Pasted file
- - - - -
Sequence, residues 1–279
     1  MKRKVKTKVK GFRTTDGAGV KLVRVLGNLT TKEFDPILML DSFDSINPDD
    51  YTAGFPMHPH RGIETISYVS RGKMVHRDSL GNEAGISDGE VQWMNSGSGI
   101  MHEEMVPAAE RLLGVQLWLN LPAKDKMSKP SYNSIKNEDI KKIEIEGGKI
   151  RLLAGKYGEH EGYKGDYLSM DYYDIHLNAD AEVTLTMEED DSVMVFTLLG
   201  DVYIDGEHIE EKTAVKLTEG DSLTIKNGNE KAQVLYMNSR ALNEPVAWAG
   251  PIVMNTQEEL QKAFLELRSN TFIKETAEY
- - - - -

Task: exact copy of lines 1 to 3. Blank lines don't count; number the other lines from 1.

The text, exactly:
Sequence, residues 1–279
     1  MKRKVKTKVK GFRTTDGAGV KLVRVLGNLT TKEFDPILML DSFDSINPDD
    51  YTAGFPMHPH RGIETISYVS RGKMVHRDSL GNEAGISDGE VQWMNSGSGI